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Apr 05

A spoonful of sugar

TW for the quote below which contains a fictional account of the rape of a child.

“She made them all close their eyes and listen to her. She told them to pretend that little girl had blond hair and blue eyes, that the two rapists were black,  that they tied her right foot to a tree and her left foot to a fence post, that they raped her repeatedly and cussed because she was white. She told them to picture that girl layin’ there beggin’ for her daddy while they kicked her in the mouth and knocked out her teeth, broke both jaws, broke he nose. She said to imagine two drunk blacks pouring beer on her and pissing in her face, and laughing like idiots. She then she told them to imagine that little girl belonged to them– their daughter. She told them to be honest with themselves and write on a piece of paper if whether or not they would kill those black bastards if they got the chance. And they voted by secret ballot. All twelve said they would do the killing. The foreman counted the votes. Twelve to zero.”-A Time to Kill by John Grisham

There is this thing we tend to do as social creatures fighting for causes. We find examples and hold them up in the light so everyone can see the moral wrongness being imposed on various groups in societies.  We see those examples as role models. If the wrongs are severe enough they become our martyrs. They become the rallying point around which we affect change in the world.

Our opponents will scrutinize them. They will find every flaw possible and try to tear our martyr to shreds. And we will try to shine the most “positive” light possible upon them. Consider the Sandra Fluke incident. I spoke once how she laid bare her own versions of martyrs for women’s rights to access birth control. I spoke how she sacrifices the sluts for the immediate win. Then she herself gets deemed a “slut” and much of the world does the same thing Fluke did. They grab their martyr and say “look how normal innocent she is.”

This is not uncommon. Happens in just about every movement. It is dangerous, however.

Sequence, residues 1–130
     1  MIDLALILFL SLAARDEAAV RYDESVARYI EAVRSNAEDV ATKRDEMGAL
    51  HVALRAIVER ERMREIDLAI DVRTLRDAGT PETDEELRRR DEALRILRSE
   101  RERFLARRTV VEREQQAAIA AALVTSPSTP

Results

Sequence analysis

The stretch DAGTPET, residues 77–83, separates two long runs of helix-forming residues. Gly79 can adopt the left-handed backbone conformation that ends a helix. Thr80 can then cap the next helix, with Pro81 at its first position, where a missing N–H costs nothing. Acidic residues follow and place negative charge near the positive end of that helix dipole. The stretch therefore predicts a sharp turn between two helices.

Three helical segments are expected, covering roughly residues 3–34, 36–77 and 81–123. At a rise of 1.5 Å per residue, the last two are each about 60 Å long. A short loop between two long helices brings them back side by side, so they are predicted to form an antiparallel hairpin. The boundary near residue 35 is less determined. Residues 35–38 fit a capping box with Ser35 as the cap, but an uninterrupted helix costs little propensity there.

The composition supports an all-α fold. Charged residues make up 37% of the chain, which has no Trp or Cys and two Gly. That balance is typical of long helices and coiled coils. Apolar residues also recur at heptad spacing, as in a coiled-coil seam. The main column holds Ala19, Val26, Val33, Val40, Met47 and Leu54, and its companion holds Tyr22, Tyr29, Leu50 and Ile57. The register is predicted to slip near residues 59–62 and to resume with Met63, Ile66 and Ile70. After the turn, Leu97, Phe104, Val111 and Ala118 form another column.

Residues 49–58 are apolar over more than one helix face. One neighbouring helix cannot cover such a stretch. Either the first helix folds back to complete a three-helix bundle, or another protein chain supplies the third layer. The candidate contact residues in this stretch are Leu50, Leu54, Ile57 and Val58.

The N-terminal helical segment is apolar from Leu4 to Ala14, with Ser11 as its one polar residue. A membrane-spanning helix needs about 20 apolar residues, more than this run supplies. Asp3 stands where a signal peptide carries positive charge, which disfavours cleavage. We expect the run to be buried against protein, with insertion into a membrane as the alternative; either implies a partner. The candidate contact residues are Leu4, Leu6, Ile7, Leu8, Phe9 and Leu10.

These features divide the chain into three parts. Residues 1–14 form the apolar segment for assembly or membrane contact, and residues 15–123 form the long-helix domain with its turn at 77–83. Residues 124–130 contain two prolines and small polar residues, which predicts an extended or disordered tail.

I will say my thesis loud this time: When we normalize martyrs and role models we end up with a bunch of short-term victories that only delay real change.

I can’t imagine our tendency to normalize will go away anytime soon. It is something we do because we are social creatures evolved to group things into categories, often into in-group and out-group categories. I would like to make people think about this tendency so that maybe next time they won’t be so quick to accentuate the normalcy of their role models to the detriment of all the other “so very human” members of their movement.

Let’s look at examples:

I started with Sandra Fluke. I am going to lay out her story in a bit more detail. When she fights for birth control access, she completely ignores the root cause of why the religious right doesn’t want women to have reproductive freedom. See, the root cause, the big idea, the entire fucking point, is that the religious right (made up of patriarchy defenders) consider women to be subjugates who should not (as ordained by god) enjoy and/or have sex unless for the purpose of generating the patriarch’s offspring. So when Fluke defends her friends’ rights to medically necessary medication, she perpetuates the normalizing ideal that women shouldn’t have or even want to have sex for fun. She says “Ignore the sluts behind the curtain. Look at these pretty little specimens I offer you.”

Now I won’t say that Fluke’s  own choice to normalize the examples presented before the panel is a causal factor in Limbaugh’s choice to demonize her as a “slut.” First Limbaugh doesn’t think about social complexities to that degree (or any degree perhaps) and second, Limbaugh’s overall assholiness is typically explanation enough. I will say that there is a deeper underlying cause though. Something far less direct but still a perpetuating force in the whole “calling Fluke a slut” kerfuffle.  Would Limbaugh call Fluke a slut if being a slut was considered socially normal? I think not. Would Limbaugh have called Fluke a slut if being a slut was considered socially good? Absolutely not. There is no benefit to using slut as a pejorative if the word has no bearing in culture as a pejorative.